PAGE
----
The fact that the NCAA Championships mirrored the MPSF Championships is not a fluke; it’s an exhibition of the high level of play established in the MPSF.
A replica of the men’s volleyball Mountain Pacific Sports Federation Championship, in which BYU defeated Long Beach State at home for the MPSF title, took place this Saturday.
This time, the match was held at the University of Hawaii’s Stan Sheriff Center, and BYU went back to Utah as the 2004 national champion.
Only four teams competed for the NCAA title. Each of the three men’s volleyball Division I conferences (the MPSF, the Eastern Intercollegiate Volleyball Association and the Midwestern Intercollegiate Volleyball Association) sent its champion to Hawaii, in addition to Long Beach State, which earned an automatic bid.
With a national championship tournament comprised of only four teams, the competition to qualify is stiffer and the stakes in the MPSF Tournament are higher. Despite the acclaim associated with a team ending its season as MPSF runner-up, the accomplishment still is not good enough to earn an automatic bid to the big times. However, the NCAA at-large bid has traditionally been offered to an MPSF team because of the league’s strength.
Lewis University, the MIVA top dog and last year’s national champion, and EIVA champion Penn State, each met MPSF teams in the first round of play, but never had the chance to face one another. BYU and Long Beach State took care of each non-MPSF team quickly, discarding all of them from the championship in just three games apiece.
As a perennial powerhouse, the MPSF swarms the polls with 10 teams in the season-ending USA Today/American Volleyball Coaches Association Top 15 Poll. BYU topped the charts for the last nine weeks of the season with Long Beach State at an arm’s length away, proving just how accurate such rankings can be.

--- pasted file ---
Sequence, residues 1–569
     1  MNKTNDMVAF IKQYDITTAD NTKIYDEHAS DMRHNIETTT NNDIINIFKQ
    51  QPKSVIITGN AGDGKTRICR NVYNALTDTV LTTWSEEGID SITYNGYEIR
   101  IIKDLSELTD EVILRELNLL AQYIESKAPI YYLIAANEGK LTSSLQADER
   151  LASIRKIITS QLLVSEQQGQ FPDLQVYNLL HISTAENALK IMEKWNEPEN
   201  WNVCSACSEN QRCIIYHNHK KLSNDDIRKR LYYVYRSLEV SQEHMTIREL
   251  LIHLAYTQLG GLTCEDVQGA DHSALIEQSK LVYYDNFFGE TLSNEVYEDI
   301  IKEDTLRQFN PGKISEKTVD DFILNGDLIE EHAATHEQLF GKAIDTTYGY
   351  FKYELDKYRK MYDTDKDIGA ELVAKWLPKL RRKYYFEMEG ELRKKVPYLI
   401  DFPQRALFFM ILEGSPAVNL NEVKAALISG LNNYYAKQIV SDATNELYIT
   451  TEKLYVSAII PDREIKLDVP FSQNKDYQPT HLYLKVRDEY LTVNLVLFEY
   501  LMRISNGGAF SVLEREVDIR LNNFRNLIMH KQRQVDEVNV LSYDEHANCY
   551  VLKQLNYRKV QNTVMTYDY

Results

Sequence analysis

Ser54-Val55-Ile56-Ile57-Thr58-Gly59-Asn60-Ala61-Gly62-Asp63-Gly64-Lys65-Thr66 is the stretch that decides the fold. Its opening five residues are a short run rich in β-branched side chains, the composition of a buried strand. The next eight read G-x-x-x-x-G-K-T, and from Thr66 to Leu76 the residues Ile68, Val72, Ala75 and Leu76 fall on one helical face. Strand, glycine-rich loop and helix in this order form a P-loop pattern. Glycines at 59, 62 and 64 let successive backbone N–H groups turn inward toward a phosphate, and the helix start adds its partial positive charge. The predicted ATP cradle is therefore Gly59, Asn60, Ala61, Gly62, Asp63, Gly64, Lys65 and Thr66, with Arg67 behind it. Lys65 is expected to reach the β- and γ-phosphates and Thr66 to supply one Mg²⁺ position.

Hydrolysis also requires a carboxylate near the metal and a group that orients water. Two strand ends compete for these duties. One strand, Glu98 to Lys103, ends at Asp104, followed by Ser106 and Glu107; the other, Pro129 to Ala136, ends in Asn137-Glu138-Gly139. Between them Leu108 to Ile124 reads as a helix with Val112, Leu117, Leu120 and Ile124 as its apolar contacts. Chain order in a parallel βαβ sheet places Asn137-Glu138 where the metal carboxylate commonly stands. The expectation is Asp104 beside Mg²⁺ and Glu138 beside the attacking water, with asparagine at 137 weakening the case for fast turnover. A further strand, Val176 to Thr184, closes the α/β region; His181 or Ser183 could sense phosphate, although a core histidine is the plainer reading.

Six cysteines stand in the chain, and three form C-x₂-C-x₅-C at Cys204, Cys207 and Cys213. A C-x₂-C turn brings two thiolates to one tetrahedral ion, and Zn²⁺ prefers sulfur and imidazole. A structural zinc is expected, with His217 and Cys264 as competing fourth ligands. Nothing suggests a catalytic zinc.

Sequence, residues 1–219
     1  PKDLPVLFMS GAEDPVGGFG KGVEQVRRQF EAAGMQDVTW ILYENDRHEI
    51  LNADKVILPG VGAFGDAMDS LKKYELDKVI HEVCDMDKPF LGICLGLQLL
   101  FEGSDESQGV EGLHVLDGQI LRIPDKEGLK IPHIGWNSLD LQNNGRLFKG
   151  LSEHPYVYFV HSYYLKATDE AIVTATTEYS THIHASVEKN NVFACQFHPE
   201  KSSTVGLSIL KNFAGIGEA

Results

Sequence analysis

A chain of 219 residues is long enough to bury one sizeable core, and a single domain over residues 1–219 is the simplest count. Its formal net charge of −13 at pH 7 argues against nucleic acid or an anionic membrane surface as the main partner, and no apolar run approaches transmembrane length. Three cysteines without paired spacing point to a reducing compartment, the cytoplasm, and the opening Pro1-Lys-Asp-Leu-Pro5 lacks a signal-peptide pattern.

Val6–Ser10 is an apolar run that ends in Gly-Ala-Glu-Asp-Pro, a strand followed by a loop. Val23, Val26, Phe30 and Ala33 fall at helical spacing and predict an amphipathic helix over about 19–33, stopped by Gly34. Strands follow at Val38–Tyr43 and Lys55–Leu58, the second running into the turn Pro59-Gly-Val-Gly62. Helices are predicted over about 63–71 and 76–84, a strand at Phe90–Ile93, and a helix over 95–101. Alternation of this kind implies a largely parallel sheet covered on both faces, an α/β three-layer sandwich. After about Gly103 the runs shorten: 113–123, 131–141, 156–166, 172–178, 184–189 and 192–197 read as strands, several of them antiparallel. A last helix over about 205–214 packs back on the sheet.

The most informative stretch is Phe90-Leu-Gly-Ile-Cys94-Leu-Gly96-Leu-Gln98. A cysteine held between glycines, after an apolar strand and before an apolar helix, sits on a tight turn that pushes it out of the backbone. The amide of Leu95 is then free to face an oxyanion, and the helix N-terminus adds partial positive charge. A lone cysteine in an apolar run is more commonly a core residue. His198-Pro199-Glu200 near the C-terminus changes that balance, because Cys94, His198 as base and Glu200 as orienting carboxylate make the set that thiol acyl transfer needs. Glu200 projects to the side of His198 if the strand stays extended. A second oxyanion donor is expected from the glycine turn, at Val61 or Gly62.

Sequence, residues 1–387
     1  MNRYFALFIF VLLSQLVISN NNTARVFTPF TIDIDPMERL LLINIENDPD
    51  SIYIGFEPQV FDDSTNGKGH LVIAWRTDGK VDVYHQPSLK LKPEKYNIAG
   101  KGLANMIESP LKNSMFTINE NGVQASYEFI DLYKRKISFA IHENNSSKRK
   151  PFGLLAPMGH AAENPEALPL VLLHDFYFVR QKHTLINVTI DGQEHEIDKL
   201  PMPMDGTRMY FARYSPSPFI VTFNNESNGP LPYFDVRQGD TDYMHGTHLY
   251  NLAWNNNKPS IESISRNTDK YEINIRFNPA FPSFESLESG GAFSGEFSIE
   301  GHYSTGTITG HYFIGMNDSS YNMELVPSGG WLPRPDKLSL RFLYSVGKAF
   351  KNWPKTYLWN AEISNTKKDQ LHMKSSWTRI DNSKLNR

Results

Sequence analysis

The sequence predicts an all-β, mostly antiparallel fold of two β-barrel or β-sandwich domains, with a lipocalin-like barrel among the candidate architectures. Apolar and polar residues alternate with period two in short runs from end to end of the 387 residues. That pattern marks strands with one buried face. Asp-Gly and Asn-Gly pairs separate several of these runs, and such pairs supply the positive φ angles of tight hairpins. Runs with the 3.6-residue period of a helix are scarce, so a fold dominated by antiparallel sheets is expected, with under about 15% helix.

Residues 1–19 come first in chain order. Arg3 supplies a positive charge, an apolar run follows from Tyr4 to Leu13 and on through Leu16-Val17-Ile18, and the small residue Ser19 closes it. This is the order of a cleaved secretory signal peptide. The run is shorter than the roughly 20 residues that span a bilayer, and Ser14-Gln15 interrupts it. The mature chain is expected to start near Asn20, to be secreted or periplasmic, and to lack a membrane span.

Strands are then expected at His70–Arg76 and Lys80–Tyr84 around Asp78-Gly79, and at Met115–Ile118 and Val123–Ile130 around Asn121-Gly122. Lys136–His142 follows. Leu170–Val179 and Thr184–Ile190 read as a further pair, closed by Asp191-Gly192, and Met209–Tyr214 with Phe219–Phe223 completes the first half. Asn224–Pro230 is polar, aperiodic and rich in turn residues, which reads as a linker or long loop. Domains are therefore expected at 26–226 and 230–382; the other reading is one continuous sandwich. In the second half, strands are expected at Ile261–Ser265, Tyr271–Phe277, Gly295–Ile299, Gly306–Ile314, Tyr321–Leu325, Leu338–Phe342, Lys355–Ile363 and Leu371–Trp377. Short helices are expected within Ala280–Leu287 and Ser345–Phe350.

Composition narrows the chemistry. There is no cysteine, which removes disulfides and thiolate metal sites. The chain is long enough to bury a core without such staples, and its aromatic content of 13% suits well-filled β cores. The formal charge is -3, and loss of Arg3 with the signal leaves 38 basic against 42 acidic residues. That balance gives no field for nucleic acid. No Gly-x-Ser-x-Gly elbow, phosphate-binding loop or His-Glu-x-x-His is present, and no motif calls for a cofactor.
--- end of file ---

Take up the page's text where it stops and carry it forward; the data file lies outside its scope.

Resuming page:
Unlike women’s volleyball, where there are 979 programs in the country, 312 of which are Division I teams, a men’s volleyball program is a diamond in the rough. Only 23 Division I schools offer men’s volleyball at the varsity level, with 11 of those belonging to the MPSF.
It is no small feat that the UCSB women’s volleyball team ended its 2003 season ranked 22nd in the nation. The Gauchos finished higher than 290 Division I teams, having won the Big West title before losing to #18 Northern Iowa in the first round of the NCAA Tournament. However, Santa Barbara did not defeat any tournament teams during the regular season, losing to #2 Florida and #6 Pepperdine in three-game sweeps. UCSB’s superiority over the Big West is evident, but its national status is not as prominent.
The UCSB men’s volleyball team faced both BYU and Long Beach State in regular MPSF play, staying in the top 10 all season. Santa Barbara split a pair of matches with Long Beach State and lost consecutive matches to BYU in Provo, Utah, a high-altitude location that not many teams are able to leave victorious from. While there are fewer men’s teams in total, the Gauchos had to fight harder than their female counterparts to even earn an MPSF Tournament bid, putting them one step closer to the NCAA Championships.
It is no coincidence or stroke of luck that UCSB men’s volleyball players earn spots on the All-American teams; they play with the best of them all season long.